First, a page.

One of the fundamental misconceptions about Vladimir Putin – and one shared by many of his erstwhile admirers – is that he is an anti-Communist.
An equally widespread misconception is that the Communist Party of the Russian Federation is in unrelenting opposition to Putin and his government.
In reality Putin – who was a member of the Communist Party until it was effectively (though temporarily) dissolved by Boris Yeltsin in August 1991 – has always recognised the Communist Party as an integral element of Russia’s history and political scene.
He has also valued it as a ‘loyal opposition’ to the government, which though often highly critical of the government, has never since the USSR’s fall pursued a revolutionary course outside the state’s legal structures.
Indeed as long ago as following his first election victory in 2000 I remember Putin commending Gennady Zyuganov, the Russian Communist Party’s veteran leader, as a stabilising factor in Russia’s fraught political life.
All these sentiments were on full display in a fulsome message of greetings Putin sent to the Communist Party as it convened for its 17th Party Congress
My greetings to the delegates and guests of the 17th Congress of the Communist Party of the Russian Federation.
One of our country’s oldest parties, the Communist Party is by right proud of its history, keeping true to the ideals of many generations of its predecessors. The party continues to show great responsibility and is widely represented in legislatures, executive bodies and local government bodies to serve the interests of its millions of voters.
It is important that the party adheres to a balanced and professional approach when discussing the key issues of Russia’s development, and puts forward concrete programmes and initiatives. I would like to highlight your great and much needed work that aims to protect citizens’ social and labour rights, support the military-industrial complex, industrial production and agriculture, education and science, as well as your efforts in the patriotic education of young people.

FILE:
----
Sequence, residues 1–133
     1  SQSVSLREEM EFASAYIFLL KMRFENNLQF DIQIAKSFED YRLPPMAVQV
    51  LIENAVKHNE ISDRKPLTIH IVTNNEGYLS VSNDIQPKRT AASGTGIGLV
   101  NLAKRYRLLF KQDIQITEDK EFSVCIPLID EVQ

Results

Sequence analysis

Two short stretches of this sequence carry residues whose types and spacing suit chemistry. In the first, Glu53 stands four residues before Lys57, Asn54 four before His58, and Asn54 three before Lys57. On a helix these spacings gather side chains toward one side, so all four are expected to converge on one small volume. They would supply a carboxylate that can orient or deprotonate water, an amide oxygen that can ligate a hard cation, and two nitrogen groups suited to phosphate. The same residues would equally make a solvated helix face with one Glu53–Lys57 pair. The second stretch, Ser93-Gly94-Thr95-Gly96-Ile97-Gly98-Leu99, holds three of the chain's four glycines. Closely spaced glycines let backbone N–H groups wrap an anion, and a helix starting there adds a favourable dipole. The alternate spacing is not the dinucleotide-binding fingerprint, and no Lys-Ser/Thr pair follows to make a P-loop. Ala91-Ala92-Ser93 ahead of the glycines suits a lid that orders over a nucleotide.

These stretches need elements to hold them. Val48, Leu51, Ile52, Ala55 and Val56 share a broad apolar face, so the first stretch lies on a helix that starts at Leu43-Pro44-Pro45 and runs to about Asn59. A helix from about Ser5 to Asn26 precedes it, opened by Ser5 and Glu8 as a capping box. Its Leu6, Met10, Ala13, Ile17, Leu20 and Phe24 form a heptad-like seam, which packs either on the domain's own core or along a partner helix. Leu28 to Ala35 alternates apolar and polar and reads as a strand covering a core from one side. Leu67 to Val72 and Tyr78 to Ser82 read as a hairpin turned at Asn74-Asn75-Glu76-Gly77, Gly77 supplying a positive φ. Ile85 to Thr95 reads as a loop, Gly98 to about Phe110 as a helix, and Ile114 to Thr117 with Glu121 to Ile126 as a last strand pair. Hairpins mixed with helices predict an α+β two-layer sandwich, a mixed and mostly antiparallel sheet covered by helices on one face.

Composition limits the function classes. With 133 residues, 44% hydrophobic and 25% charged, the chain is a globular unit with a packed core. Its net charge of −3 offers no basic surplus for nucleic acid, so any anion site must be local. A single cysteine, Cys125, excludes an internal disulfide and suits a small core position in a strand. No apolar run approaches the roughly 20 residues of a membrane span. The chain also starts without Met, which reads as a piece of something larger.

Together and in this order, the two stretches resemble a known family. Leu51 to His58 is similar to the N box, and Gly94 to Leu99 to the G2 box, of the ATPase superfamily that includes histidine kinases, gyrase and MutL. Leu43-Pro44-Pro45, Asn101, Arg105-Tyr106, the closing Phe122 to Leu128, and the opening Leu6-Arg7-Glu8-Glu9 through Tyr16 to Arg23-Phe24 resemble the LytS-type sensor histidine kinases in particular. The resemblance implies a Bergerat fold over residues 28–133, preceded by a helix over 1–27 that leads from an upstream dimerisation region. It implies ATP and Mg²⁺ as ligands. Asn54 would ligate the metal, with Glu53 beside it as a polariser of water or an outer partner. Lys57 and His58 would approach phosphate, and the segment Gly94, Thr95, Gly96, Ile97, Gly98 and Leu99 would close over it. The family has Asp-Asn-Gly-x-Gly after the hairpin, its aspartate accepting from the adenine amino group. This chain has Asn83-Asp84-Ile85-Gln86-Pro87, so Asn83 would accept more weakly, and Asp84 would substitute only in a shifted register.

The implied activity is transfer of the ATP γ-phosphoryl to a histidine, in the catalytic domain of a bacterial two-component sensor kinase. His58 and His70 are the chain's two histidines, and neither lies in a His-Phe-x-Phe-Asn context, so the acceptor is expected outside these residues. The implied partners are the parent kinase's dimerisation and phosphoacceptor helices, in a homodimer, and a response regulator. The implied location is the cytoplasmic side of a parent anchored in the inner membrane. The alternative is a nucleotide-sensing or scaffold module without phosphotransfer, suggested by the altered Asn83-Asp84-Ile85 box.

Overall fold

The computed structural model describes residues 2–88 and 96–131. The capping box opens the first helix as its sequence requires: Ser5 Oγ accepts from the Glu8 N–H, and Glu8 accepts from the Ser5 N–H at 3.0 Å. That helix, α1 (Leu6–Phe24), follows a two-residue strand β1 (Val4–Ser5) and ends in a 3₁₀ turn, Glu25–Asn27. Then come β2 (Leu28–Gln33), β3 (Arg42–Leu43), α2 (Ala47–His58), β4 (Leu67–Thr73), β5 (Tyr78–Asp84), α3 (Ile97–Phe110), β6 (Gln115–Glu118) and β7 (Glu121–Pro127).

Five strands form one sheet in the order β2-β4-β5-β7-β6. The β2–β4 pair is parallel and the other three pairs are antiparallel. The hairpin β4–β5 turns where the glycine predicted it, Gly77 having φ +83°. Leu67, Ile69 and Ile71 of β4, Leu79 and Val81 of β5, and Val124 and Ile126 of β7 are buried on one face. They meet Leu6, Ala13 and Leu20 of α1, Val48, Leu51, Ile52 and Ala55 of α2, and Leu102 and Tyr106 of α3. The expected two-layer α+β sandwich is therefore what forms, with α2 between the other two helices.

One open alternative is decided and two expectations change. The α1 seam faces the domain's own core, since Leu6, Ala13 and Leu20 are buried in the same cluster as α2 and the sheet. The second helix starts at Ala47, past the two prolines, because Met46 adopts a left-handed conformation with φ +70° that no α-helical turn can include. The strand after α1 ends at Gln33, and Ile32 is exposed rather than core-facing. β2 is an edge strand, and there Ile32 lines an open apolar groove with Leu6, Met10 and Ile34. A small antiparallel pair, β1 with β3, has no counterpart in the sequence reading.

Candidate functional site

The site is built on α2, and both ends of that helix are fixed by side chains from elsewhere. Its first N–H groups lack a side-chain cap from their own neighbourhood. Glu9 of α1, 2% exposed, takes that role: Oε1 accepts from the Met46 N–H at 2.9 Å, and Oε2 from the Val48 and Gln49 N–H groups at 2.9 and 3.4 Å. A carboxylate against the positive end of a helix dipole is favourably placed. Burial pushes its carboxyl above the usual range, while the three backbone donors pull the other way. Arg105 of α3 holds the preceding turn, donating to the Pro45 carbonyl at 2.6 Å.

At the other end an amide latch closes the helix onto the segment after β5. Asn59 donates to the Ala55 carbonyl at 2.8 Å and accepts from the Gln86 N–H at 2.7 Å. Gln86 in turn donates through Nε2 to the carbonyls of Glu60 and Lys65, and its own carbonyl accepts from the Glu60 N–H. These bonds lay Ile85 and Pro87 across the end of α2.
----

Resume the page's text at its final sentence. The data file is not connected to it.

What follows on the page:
I am certain that the congress will be held in a positive atmosphere to become a real venue for open and fruitful discussions.
I wish you all the best in your endeavours. I am counting on the constructive partnership and substantial dialogue to continue for the benefit of Russia and in the interest of its people.
As Putin’s message quite clearly says, there is actually considerable overlap between Putin’s policies and those of the Communist Party. though he is certainly not a Communist. Note in particular these specific words in Putin’s message
I would like to highlight your great and much needed work that aims to protect citizens’ social and labour rights, support the military-industrial complex, industrial production and agriculture, education and science, as well as your efforts in the patriotic education of young people.
The Communist Party’s leaders for their part would never publicly address Putin in quite such a fulsome way. Moreover despite the overlap in their policies, the Communist Party’s leaders advocate a far more controlled economy than Putin would find acceptable, and most of the Party’s membership would certainly want a more forceful approach to foreign policy – and to relations with Ukraine especially – than Putin is currently following.
Having said this, under Putin – as his words show – the Communist Party has become an accepted and to a very great degree a respected part of Russia’s political landscape, which was certainly not the case in Boris Yeltsin’s time.
Though they would never publicly admit it, the leaders of Russia’s Communist Party are fully aware of this fact, and it undoubtedly influences their view of Putin too.